Have you heard of Article 5(2A) of the Singapore Constitution?
If you have not, it’s important you know.
Article 5(2A) was passed in 1991 but has been held in abeyance since.
This means that it is not in force yet and hence not binding on the Government.
1. What is Article 5(2A) about?
Article 5(2A) states that a national referendum is needed if changes are to be made to the following sections of the Constitution:
(i) this clause or Article 5A
(ii) any provision in Part IV
(iii) any provision in Chapter 1 of Part V or Article 93(A).
(iv) Article 65 or 66
(v) any provision in the Constitution that authorises the President to act in his discretion.
Key among the above is Part IV which enshrines our civil liberties including the freedom of speech, assembly and association.
The Article also protects the Elected President’s powers particularly in relation to matters relating to the budget.
Principally, therefore, Article 5(2A) is designed to safeguard against the potential for a tyrannical or profligate government.
Despite the importance of this Article to our democratic narrative, the PAP has again stressed last week that it does not want it to come into force yet.
Because the PAP – according to Shanmugam – needs flexibility on bills relating to government spending as it foresees the need to make adjustments to the tax system due to increased social spending
“To bring Article 5(2A) into force before that would otherwise potentially trigger a national referendum each time we needed to make a further refinement or adjustment,” said Shanmugham.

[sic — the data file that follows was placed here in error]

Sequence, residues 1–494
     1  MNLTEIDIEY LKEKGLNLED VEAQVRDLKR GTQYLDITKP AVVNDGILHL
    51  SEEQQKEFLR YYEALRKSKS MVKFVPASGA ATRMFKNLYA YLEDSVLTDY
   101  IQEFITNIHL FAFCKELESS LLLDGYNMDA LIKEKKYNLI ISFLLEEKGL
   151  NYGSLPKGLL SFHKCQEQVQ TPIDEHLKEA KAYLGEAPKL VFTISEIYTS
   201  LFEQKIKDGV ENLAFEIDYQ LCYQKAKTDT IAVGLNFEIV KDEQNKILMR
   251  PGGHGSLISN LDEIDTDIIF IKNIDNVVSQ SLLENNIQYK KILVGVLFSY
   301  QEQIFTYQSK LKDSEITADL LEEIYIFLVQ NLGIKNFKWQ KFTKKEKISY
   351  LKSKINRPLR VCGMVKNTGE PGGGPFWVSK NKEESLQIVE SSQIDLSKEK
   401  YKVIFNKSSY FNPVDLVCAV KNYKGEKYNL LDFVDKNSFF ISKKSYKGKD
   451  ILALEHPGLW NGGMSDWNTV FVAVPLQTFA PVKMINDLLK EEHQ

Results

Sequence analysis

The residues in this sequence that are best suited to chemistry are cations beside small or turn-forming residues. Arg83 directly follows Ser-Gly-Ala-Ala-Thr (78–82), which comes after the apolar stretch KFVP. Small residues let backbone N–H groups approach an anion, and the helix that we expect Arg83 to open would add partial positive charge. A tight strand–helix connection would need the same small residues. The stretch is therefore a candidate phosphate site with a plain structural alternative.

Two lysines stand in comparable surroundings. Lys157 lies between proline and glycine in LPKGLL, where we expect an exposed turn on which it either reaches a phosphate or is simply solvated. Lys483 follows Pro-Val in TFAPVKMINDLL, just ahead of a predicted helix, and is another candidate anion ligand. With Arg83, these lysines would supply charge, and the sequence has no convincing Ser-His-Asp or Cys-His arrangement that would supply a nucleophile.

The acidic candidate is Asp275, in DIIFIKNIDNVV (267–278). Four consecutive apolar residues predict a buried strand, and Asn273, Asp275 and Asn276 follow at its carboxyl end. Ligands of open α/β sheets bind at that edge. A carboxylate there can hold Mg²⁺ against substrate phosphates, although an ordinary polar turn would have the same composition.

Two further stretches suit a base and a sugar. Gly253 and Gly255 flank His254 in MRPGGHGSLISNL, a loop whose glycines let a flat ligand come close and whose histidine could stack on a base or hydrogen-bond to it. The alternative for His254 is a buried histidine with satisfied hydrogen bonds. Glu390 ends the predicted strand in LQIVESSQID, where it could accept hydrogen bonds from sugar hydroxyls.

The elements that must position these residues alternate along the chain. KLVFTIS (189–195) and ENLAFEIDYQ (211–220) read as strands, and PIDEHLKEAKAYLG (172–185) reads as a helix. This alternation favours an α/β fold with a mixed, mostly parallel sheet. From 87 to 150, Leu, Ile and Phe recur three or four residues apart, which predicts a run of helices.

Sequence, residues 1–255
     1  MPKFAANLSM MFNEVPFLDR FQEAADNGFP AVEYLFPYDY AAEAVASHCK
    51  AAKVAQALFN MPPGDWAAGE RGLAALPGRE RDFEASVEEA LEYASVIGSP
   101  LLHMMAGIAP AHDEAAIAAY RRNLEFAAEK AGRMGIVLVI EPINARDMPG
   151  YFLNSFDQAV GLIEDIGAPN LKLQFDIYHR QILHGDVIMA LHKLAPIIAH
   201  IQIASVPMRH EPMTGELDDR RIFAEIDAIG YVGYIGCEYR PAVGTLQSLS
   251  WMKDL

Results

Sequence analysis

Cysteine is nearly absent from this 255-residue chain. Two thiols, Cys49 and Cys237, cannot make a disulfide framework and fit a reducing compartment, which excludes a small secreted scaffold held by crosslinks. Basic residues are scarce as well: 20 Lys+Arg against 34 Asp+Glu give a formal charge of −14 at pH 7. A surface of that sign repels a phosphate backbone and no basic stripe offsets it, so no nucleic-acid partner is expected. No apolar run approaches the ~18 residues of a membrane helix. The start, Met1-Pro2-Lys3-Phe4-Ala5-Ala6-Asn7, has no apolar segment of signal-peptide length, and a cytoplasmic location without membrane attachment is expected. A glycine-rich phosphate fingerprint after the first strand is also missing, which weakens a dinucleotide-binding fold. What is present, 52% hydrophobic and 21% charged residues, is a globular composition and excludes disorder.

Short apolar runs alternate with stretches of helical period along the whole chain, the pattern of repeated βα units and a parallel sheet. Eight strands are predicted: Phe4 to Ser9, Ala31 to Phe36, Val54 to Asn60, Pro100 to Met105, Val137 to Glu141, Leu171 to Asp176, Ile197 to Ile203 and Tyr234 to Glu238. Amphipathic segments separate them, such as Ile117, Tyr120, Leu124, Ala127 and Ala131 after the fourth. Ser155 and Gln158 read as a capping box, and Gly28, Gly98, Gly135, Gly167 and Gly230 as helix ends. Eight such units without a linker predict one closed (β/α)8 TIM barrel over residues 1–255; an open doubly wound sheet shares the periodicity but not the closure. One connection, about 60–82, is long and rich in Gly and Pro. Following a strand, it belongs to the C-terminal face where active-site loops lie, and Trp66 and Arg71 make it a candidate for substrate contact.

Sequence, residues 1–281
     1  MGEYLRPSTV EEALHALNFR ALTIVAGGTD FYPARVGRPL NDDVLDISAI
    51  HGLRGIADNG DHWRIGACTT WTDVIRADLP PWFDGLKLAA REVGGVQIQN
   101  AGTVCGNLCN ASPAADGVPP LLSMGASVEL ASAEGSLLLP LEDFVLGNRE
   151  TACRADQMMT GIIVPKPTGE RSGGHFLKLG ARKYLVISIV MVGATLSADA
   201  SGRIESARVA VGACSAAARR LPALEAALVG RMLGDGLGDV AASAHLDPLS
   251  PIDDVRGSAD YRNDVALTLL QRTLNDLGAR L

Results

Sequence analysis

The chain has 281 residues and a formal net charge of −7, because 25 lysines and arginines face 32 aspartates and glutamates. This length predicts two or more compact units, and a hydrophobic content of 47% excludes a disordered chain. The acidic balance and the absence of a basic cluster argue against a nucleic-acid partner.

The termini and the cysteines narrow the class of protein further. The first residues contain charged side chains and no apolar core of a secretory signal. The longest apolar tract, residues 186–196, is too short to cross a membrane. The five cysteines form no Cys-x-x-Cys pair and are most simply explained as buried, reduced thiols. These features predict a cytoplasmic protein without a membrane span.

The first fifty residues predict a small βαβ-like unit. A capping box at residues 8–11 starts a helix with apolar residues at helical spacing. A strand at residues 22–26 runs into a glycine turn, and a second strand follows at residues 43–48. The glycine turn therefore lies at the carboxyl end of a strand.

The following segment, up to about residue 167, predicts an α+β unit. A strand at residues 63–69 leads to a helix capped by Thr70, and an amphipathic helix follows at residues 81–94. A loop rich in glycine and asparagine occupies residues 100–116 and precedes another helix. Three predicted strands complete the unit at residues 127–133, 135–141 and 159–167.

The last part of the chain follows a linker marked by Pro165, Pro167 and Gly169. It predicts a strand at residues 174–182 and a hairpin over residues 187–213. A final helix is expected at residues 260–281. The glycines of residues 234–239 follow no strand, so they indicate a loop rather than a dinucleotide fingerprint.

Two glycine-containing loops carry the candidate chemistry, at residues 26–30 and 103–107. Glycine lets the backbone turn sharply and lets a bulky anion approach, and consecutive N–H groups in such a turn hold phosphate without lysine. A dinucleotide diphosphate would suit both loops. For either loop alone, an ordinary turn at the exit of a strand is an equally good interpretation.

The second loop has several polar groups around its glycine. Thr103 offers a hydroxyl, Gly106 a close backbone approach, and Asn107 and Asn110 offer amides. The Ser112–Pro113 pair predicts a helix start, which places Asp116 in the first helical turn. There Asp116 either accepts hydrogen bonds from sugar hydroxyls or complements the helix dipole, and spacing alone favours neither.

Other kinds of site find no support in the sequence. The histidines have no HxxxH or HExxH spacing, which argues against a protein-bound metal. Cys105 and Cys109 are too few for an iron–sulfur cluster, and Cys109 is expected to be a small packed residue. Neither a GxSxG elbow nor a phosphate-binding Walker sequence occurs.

As to why the parts pertaining to our civil liberties could not be enforced first, Shanmugham said that “Article 5(2A) comes as a package”.
2. More than Meets the Eye?
When one takes a look at laws such as that on Unlawful Assembly which prohibits a gathering of 5 or more persons that violate our civil liberties, one can’t help but wonder if there is more than meets the eye in the PAP’s refusal to enforce Article 5(2A).
3. Should we be concerned?
As we all know, Singapore is at most a quasi-democracy in which the PAP has an overwhelming majority in Parliament and has put in place many anti-democratic mechanisms to prevent the Opposition from gaining ground. It has also used various laws like the Internal Security Act to silence and intimidate critics.
This means that the Party can do as it wishes with very little accountability. In other words, the potential for tyranny is a very real one.
The PAP’s argument that Article 5(2A) can wait while it sorts out the intricacies of increased social spending is flawed because it is predicated on the flawed assumption that its politicians will always act in the interest of the people and respect our civil liberties.
Who is to guarantee that in the near future, a Burnese military junta-like leadership would not take control either in the face of perceived or imagined social chaos or out of a desire to go back to the orderly days of Lee Kuan Yew when everyone was cowed by the Patriarch’s absolute power?
So in summary, the PAP’s procrastination on Article 5(2A) is a threat to the well-being and integrity of our democracy. Then again, we should not be surprised; as history has shown that in its quest for permanent power, civil liberties rank low on the Party’s list of priorities for it makes for complex and complicated politics that it’s technocrats are ill-equipped to handle, as we are witnessing now.
First seen on The Alternative View: